While I was studying Cellular Respiration: Harvesting Chemical Energy, I found this question:

An organism is discovered that consumes a considerable amount of sugar, yet does not gain much weight when denied air. Curiously, the consumption of sugar increases as air is removed from the organism's environment, but the organism seems to thrive even in the absence of air. When returned to normal air, the organism does fine. Which of the following best describes the organism?

A) It must use a molecule other than oxygen to accept electrons from the electron transport chain.

B) It is a normal eukaryotic organism.

C) The organism obviously lacks the citric acid cycle and electron transport chain.

D) It is an anaerobic organism.

E) It is a facultative anaerobe.

Answer: E

I wonder why the answer is E not D. How can I know that it is a facultative anaerobe? Do anaerobic organisms die in air?

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    $\begingroup$ Strict anaerobic organisms cannot proliferate when air is present. Facultative on the other hand can. $\endgroup$ – Chris May 14 '17 at 20:29
  • $\begingroup$ But he didn't say anything about proliferate $\endgroup$ – Mahmoud Usama Fawzy May 14 '17 at 20:31
  • $\begingroup$ I think "does fine" implies proliferation, but I agree the wording could have been clearer. $\endgroup$ – Victor Chubukov May 14 '17 at 23:42

There are organisms with anaerobic metabolism that tolerate oxygen: aerotolerant anaerobes. "Anaerobic" refers to the metabolic system. You cannot be sure of oxygen tolerance based solely on metabolic system.

Factors influencing the tolerance of anaerobic bacteria to oxygen

Here is why this is a facultative anaerobe.

This organism does not gain weight when denied air. One concludes its metabolism is less efficient.

Curiously, the consumption of sugar increases as air is removed from the organismʹs enviroment

Anaerobic metabolism uses sugar less efficiently than aerobic metabolism in organisms that can use both methods. This means oxidative metabolism is the preferred method.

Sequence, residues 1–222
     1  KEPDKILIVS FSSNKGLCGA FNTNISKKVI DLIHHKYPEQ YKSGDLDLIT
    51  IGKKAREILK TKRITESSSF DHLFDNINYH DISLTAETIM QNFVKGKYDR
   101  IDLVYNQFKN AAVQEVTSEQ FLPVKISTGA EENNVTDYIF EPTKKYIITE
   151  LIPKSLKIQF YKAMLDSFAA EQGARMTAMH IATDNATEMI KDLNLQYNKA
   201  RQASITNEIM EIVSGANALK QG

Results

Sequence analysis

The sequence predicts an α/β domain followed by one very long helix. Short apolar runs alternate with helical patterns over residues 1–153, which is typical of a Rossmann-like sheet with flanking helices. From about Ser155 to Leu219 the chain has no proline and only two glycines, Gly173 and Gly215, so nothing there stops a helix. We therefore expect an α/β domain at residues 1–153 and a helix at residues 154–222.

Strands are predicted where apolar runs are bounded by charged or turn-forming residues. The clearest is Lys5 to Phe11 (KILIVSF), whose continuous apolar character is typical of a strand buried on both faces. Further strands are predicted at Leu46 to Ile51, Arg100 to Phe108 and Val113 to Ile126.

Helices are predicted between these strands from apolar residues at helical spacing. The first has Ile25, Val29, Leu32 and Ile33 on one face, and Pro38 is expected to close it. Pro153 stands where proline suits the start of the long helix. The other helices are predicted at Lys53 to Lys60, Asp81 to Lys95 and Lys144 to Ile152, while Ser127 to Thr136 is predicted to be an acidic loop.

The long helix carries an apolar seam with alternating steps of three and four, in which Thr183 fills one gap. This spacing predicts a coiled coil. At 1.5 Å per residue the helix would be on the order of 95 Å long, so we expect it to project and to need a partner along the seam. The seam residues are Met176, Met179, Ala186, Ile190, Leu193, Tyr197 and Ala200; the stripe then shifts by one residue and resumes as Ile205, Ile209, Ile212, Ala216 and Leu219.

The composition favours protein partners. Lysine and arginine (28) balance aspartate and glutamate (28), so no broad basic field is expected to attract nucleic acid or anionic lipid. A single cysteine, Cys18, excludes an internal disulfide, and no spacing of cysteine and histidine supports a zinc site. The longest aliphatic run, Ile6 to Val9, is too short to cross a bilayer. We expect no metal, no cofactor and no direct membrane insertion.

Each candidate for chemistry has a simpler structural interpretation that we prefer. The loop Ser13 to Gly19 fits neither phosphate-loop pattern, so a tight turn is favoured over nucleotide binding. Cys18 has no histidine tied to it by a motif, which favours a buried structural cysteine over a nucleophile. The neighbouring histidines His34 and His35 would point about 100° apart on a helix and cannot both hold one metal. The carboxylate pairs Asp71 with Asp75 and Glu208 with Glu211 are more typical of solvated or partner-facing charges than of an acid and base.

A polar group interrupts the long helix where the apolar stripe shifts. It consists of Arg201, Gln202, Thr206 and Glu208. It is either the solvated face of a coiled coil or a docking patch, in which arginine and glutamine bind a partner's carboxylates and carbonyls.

So: this is a facultative anaerobe because it can get by using anaerobic metabolism, but two pieces of information show that for the organism, anaerobic mode is less efficient than aerobic metabolism. Brewers yeast is such an organism.

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    $\begingroup$ My answer is correct, since i only talk about obligate anaerobes. Just as described in the book in the link. $\endgroup$ – Adrian May 19 '17 at 21:03
  • $\begingroup$ I edited your answer for the reasons specified in the edit history. If you disagree with this change, please feel free to rollback. $\endgroup$ – canadianer May 19 '17 at 22:17

Yes, (obligate) anaerobes die in the presence of oxygen (at atmospheric levels). They do not have the detoxifying enzymes that convert toxic metabolic products such as hydroxyl racials or superoxide anions into nontoxic H2O or O2. These enzymes present in aerobic and faculative anaerobic organisms are superoxide dismutase, peroxidase, among others.


a Hentges DJ. Anaerobes: General Characteristics. In: Baron S, editor. Medical Microbiology. 4th edition. Galveston (TX): University of Texas Medical Branch at Galveston; 1996. Chapter 17. Available from: https://www.ncbi.nlm.nih.gov/books/NBK7638/

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